Whenever wealth is transitioned from one generation to the next in Woodland Hills, concerns about how a beneficiary will handle his or her inheritance are ever present. This is especially true when dealing with teen and young adult heirs. Immediately, two fears may arise in the minds of those caring for these youths: First, will he or she go nuts with this newfound wealth and completely blow through it, or will he or she allow a lack of experience in such matters lead him or her to trust in people with ulterior motives.
The key to overcoming such fears may just be having a money management mentor that can help a newly-inherited young adult understand what’s available to him or her in terms of investment opportunities, liquidation options, and tax implications. The first challenge for such a mentor is helping provide the youth with a current snapshot of his or her financial profile. However, it should be remembered that he or she will not get much value out of complex financial documents. Thus, vital information such as this needs to be condensed and presented in high-level formats that can provide a baseline understanding for him or her.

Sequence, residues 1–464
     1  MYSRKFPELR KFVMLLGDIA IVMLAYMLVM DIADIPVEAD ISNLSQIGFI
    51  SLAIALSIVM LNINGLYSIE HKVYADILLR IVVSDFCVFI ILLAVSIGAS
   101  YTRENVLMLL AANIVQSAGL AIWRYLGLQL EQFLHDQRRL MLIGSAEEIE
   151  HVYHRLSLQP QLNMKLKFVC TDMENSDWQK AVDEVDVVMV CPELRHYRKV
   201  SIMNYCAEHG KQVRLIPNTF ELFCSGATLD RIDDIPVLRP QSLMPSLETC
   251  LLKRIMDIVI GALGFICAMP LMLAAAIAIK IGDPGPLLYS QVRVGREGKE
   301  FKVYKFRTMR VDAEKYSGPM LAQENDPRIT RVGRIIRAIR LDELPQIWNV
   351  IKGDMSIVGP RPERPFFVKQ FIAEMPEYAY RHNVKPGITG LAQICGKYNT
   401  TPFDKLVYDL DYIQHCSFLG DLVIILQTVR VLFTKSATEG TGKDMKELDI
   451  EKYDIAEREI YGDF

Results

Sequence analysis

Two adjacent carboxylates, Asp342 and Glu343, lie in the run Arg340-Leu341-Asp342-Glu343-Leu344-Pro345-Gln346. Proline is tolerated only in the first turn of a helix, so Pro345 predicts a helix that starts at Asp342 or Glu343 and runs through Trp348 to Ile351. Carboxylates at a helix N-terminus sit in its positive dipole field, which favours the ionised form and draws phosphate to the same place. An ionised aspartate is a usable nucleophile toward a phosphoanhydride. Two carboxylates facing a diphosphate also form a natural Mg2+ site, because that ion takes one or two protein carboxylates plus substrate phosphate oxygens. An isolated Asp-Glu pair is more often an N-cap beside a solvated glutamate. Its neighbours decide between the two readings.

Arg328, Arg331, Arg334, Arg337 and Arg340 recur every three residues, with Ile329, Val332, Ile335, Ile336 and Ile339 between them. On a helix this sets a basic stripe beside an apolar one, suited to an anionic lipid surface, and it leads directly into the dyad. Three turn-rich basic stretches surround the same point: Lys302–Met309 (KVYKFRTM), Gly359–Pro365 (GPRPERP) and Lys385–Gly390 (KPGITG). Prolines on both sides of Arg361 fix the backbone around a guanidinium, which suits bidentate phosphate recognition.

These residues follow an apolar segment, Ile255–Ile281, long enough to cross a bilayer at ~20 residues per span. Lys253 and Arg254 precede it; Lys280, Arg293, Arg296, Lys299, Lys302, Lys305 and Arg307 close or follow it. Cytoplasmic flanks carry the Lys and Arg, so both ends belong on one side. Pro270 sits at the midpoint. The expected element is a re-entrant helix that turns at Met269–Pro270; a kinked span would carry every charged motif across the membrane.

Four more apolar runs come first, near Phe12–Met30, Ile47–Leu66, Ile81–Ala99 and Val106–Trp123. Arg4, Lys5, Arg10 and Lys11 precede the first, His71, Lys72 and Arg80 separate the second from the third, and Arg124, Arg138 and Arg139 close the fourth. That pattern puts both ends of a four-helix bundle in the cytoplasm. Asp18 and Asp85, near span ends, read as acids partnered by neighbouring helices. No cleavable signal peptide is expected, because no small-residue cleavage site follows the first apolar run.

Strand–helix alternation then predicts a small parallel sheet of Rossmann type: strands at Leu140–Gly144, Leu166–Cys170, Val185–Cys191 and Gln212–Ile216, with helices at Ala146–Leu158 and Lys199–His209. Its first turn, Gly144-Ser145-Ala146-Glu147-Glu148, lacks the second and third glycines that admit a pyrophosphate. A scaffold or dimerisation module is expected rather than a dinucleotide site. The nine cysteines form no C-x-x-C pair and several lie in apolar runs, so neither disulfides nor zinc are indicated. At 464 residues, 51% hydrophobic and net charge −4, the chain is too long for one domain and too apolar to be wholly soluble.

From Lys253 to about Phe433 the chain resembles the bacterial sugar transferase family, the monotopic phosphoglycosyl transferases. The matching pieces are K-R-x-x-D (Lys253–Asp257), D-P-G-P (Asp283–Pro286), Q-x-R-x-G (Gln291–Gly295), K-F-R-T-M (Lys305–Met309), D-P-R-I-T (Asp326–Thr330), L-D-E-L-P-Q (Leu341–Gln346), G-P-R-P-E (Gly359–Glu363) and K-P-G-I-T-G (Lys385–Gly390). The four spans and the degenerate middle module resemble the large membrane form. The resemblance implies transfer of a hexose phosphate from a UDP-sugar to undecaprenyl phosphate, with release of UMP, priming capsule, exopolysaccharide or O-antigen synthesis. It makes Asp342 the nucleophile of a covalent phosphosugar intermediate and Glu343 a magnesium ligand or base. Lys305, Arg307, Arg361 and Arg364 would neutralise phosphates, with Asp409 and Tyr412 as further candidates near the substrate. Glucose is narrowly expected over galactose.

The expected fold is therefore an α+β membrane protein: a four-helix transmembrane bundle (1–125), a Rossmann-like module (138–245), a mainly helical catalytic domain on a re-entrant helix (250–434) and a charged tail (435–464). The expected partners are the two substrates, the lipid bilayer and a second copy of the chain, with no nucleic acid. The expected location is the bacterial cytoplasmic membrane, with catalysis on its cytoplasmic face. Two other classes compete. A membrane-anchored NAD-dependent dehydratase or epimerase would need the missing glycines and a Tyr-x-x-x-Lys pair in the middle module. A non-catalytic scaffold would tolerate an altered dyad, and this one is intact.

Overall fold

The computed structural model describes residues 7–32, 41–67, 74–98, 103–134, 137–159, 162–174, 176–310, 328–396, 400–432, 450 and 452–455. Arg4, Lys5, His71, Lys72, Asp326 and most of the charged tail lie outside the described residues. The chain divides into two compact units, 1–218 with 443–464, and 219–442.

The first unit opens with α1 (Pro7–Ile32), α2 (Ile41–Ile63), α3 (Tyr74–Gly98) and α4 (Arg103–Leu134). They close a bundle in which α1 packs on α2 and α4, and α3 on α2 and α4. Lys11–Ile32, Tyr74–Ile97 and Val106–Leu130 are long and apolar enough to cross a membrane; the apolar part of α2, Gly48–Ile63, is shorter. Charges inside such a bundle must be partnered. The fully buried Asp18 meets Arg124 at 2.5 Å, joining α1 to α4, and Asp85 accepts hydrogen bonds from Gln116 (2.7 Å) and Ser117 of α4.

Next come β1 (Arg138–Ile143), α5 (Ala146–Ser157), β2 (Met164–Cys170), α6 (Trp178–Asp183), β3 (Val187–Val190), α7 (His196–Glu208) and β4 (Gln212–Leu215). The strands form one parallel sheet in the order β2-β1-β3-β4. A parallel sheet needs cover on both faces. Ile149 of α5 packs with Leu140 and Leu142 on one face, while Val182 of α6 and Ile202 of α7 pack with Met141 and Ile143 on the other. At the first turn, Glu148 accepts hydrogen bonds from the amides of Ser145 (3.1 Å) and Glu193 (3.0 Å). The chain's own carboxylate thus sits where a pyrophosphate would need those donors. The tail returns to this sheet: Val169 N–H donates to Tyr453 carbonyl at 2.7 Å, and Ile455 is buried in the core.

Once he or she begins to grasp the amount of resources at his or disposal, the next step is finding the right people to manage them. Again, here is where having a trusted mentor may come in handy in screening potential financial advisors, accountants, and attorneys. Ideally, such a mentor would be one to whom a recently inherited youth has easy access, like a family member. Yet if that’s not a possibility, an estate planning attorney may be the next best thing.
Source: The Wall Street Journal “Helping a Teenager Navigate a Giant Inheritance” Munk, Cheryl Winokur, Nov.27, 20125